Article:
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STEVE BOROS NOT TOUGH ENOUGH? HE WAS IN A SHOWDOWN WITH AMOS OTIS
John Garrity
November 19, 1984
When a major league baseball team fires its manager, the reasons given usually go something like this: We needed a change; the fans demanded it; the manager could no longer communicate with his players. When the Oakland A's dismissed Steve Boros in May, the manager's failing was more narrowly defined: He wasn't "tough enough."
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November 19, 1984

Steve Boros Not Tough Enough? He Was In A Showdown With Amos Otis

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There were sighs of relief around the cage, some nervous laughter. Otis stared at Boros as if to say "Satisfied?" Boros ignored the look. He calmly stepped over to the first-base line and set up again. The pitcher threw. Otis dropped another perfect bunt.

"How's that, Steve?" Otis asked sarcastically as Boros picked up the bat and walked away.

"They'll do," Boros said quietly. He grabbed a ball and hit a grounder to one of the infielders.

Otis wanted the last word. He bunted the next three pitches and ambled out of the cage. "You trying to throw your weight around?" he yelled to Boros.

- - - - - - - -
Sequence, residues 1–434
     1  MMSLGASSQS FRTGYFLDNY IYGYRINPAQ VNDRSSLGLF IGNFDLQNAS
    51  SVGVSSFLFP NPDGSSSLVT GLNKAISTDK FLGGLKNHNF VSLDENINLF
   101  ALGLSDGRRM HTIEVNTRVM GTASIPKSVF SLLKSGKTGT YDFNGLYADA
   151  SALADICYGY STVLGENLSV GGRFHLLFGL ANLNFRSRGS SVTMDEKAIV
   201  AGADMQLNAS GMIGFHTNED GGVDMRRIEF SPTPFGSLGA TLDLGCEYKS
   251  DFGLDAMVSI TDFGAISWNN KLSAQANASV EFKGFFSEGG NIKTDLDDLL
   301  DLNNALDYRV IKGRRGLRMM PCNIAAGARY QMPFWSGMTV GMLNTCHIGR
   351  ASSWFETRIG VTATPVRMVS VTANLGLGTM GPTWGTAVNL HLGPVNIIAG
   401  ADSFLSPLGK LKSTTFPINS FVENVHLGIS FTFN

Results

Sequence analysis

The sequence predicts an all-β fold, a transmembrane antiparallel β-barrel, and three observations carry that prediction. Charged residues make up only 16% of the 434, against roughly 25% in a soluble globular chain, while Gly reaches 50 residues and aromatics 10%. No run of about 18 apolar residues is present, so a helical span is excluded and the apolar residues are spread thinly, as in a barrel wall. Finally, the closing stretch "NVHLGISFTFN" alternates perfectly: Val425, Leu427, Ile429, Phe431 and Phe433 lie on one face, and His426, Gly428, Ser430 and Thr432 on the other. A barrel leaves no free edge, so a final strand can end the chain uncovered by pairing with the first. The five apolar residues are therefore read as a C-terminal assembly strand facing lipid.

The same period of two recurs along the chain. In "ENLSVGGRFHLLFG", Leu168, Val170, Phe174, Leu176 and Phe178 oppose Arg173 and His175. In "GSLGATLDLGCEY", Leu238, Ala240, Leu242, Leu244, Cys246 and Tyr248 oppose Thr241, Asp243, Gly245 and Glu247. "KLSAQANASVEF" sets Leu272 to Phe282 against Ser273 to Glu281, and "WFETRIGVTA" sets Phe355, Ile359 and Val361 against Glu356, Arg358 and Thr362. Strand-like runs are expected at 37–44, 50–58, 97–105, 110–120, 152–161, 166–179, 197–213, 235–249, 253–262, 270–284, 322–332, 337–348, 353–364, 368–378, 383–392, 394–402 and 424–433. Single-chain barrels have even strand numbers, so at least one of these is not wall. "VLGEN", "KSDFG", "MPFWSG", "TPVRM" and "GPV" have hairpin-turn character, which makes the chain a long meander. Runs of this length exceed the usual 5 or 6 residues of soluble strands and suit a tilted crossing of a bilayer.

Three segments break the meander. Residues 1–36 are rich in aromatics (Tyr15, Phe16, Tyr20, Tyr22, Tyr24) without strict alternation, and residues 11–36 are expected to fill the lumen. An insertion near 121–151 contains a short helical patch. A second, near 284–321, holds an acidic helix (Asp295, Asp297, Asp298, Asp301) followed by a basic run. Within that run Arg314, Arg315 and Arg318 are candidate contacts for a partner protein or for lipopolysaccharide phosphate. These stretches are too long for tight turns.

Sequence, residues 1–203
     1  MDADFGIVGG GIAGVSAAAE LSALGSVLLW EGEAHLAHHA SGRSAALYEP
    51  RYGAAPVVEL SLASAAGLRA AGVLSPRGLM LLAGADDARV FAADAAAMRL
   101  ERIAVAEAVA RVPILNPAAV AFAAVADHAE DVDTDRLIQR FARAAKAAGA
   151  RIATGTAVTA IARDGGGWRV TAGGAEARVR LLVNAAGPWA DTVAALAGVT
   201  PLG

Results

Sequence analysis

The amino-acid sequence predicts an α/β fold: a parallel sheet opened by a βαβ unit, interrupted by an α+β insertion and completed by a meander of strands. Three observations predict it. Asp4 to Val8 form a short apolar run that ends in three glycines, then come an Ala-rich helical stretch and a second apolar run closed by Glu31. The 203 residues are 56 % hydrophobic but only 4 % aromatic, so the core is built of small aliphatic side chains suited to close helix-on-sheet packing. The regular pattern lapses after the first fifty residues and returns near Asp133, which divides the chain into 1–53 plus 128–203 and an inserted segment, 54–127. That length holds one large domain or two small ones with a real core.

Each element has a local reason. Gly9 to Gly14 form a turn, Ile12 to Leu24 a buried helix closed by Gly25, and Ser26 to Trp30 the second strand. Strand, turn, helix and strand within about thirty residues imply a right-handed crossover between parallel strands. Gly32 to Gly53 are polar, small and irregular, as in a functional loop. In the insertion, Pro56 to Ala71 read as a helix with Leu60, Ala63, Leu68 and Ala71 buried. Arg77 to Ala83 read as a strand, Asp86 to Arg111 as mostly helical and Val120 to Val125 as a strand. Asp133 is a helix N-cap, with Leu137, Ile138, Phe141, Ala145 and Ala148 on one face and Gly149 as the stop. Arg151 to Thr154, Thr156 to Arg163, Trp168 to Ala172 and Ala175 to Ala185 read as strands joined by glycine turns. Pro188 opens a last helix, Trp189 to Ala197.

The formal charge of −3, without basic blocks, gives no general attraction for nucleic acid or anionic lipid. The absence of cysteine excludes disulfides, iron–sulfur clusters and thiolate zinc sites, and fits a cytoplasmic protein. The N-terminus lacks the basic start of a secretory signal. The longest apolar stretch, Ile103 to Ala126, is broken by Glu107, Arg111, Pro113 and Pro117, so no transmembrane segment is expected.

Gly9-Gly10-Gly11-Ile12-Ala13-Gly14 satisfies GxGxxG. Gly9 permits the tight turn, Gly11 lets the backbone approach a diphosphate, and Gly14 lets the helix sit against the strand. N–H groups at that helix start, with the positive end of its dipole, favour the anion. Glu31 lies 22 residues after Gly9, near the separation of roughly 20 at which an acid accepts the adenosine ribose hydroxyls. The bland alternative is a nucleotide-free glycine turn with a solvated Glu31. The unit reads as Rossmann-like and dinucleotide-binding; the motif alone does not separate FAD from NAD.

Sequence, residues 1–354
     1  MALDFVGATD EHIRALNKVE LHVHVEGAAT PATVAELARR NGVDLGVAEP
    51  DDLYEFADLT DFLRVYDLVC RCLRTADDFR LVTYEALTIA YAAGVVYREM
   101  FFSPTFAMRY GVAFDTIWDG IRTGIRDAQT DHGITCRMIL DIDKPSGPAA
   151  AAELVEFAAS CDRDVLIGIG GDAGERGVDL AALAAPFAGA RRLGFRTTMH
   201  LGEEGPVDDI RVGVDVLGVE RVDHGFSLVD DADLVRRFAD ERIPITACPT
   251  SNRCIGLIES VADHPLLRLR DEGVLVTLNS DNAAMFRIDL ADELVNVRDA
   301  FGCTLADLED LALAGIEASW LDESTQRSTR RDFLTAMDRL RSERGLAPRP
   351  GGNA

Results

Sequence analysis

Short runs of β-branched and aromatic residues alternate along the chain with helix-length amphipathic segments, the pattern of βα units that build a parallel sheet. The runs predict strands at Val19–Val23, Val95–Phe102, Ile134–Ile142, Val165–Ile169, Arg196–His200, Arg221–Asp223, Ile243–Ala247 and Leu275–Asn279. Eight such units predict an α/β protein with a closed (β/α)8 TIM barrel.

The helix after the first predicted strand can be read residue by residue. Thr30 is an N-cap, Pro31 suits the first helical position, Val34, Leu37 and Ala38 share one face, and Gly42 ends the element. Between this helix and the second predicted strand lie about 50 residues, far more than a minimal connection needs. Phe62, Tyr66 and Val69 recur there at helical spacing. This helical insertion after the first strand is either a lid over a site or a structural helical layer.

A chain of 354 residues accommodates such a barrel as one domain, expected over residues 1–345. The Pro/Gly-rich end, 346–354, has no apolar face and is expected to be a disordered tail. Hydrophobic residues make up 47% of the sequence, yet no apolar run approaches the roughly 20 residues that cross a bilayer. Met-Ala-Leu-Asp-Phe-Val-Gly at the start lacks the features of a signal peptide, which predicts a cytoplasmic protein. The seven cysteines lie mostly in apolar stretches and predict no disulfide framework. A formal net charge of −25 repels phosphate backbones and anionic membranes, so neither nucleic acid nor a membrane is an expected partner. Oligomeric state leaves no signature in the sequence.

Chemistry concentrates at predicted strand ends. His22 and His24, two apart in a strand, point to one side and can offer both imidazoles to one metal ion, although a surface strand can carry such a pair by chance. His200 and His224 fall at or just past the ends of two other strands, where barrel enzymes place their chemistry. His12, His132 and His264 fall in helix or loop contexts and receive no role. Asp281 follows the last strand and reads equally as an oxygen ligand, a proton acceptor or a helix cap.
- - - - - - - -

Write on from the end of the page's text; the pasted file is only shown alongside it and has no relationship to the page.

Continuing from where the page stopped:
Boros ignored him.

In the clubhouse afterward, Boros shrugged off the incident. "I made my bed, and I had to lie in it," he said with a wink. "It's just one of those things."

Maybe. I, for one, have witnessed few comparable feats of rock-jawed courage on a baseball field.

Years passed. Boros went on to coach at Montreal, to manage at Oakland and finally to wear street clothes as an ex-manager. In September he returned to Kansas City as a scout for the San Diego Padres. I found him in the press box at Royals Stadium, dressed in jeans and a sweater, and got him to talk for a few minutes about "toughness"—the trait he had supposedly lacked as a manager in Oakland.

"When they talk about toughness," he said, "they always talk about arguing bad calls, spitting in an umpire's eye, kicking dust—all that macho image stuff. But that's not the tough part of managing. The tough part is deciding who's going to play and who's not, taking a pitcher out of the rotation...perhaps releasing a player. It takes a certain mental toughness to make those decisions, but that kind of toughness isn't taken into consideration in evaluating a manager."

"The fans expect you to abuse umpires and throw tantrums," I said. "It's right there in the job description."

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